It is now a well-acknowledged fact that COVID-19 vaccines do not offer permanent protection against the virus. Recently the Office for National Statistica in the United Kingdom and the Oxford University conducted a study regarding the efficiency of vaccines in time.
The study discovered that Pfizer’s protection fades quicker than the one of AstraZeneca. The study included 350,000 participants over the age of 18. It was conducted between December 1, 2020, and May 16 2021, focusing on the Alpha variant, and then between May 17, 2021, and August 1, when the Delta strain became the dominant one.
“The dynamics of immunity following second doses differed significantly between BNT162b2 and ChAdOx1, with greater initial effectiveness against new PCR-positives but faster declines in protection against high viral burden and symptomatic infection with BNT162b2,” read the study. It was found that on May 17, the Pfizer vaccine had a 93% effectiveness rate, while the Astra shot only provided 73%. However, Pfizer’s rate dropped to 84% in two weeks, while AstraZeneca was not affected much, dropping only to 71%.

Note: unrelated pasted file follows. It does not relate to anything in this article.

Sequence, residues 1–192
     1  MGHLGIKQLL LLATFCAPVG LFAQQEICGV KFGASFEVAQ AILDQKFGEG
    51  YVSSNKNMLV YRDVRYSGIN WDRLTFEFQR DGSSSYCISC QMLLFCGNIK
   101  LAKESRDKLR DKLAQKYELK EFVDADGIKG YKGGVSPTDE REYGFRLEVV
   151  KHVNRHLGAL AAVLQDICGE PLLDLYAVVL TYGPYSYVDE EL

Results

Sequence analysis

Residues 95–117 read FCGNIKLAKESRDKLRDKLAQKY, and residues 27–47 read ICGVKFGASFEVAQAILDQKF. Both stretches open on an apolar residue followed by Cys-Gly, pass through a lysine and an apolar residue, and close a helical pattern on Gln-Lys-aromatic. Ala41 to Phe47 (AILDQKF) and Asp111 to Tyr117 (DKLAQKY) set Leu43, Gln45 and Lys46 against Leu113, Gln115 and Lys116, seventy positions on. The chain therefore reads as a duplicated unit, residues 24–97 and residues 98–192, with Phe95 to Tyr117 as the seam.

According to the study, more research is required in order to determine the long-term effects. It also found that comparing one dose of Moderna with one dose of Pfizer and the AstraZeneca vaccine did reveal many differences, and they were all quite similar in terms of efficiency.
Professor Tomas Hanke from the Jenner Institute explained the reason why AstraZeneca might be more efficient in the long term: “When you deliver RNA, like the Pfizer vaccine, you deliver a finite number of mRNA molecules which are eventually cleared from the system. But when you deliver the adenovirus, as AstraZeneca does, you deliver a template which then keeps producing these mRNAs that then produce the spike protein, so there’s no ceiling.”